A fascinating article from The New Yorker. Much, much more at the link.
In practice, Obama has not wavered from the position taken by the N.S.A.’s lawyers and embraced by Feinstein and the majority of the Intelligence Committee. “The system generally has worked,” Matthew Olsen told me. “One way to think about the current debate is the degree to which, as a lawyer or as a citizen, you have confidence in our government institutions to operate effectively and trust our system of court oversight, congressional oversight, and executive-branch responsibilities.”
The history of the intelligence community, though, reveals a willingness to violate the spirit and the letter of the law, even with oversight. What’s more, the benefits of the domestic-surveillance programs remain unclear. Wyden contends that the N.S.A. could find other ways to get the information it says it needs. Even Olsen, when pressed, suggested that the N.S.A. could make do without the bulk-collection program. “In some cases, it’s a bit of an insurance policy,” he told me. “It’s a way to do what we otherwise could do, but do it a little bit more quickly.”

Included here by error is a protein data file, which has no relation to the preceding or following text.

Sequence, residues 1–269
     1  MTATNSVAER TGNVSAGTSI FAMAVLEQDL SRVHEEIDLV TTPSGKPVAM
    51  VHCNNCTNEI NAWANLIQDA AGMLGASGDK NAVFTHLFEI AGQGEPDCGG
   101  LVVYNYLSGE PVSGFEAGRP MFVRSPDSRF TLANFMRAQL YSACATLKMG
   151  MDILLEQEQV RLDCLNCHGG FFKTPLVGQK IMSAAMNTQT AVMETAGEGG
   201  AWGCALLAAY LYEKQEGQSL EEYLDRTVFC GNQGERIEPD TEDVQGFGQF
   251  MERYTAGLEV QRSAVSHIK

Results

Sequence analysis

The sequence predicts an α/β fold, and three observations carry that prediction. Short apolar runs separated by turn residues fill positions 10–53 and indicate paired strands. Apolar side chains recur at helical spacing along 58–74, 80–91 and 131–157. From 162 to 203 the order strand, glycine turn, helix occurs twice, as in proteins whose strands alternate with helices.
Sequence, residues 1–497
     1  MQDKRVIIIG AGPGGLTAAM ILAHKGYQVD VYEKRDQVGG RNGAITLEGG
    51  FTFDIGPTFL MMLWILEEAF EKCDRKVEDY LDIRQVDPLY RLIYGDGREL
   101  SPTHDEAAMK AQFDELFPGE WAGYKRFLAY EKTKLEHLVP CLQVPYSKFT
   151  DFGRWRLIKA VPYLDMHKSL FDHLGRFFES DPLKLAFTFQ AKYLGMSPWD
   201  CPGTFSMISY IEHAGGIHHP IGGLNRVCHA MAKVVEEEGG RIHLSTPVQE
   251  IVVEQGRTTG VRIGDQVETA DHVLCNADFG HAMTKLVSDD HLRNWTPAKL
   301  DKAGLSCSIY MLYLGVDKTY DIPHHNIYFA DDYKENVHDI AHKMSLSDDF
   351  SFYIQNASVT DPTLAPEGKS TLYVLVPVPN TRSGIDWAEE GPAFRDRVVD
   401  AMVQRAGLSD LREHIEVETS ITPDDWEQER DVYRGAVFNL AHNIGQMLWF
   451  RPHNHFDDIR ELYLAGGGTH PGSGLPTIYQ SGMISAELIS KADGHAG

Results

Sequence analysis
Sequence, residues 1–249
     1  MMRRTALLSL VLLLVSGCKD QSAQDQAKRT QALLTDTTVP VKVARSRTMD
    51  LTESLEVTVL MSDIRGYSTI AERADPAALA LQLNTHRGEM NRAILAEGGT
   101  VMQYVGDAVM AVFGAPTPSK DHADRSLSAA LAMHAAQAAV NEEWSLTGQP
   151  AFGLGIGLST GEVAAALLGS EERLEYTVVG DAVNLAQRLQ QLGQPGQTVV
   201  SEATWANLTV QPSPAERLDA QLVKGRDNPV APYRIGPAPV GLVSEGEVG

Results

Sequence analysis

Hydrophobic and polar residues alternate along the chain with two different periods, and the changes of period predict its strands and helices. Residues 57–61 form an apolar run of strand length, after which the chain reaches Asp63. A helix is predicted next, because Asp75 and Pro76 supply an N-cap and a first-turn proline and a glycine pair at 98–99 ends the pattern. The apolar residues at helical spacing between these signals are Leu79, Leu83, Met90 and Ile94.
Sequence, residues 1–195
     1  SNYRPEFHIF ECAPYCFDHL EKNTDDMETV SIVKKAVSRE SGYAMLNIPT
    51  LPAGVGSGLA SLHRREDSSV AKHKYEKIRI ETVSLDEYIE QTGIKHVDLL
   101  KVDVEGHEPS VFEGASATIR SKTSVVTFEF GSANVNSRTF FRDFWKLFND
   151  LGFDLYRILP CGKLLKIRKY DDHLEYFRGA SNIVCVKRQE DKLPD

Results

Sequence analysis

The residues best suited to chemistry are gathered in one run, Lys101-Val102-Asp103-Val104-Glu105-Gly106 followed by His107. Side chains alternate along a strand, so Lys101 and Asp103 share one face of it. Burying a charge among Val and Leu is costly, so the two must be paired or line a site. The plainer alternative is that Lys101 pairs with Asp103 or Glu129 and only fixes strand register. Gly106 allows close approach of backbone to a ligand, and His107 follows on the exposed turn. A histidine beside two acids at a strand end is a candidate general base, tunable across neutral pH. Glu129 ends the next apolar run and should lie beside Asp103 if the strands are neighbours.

Updated to add this leaked NSA slide from Der Spiegel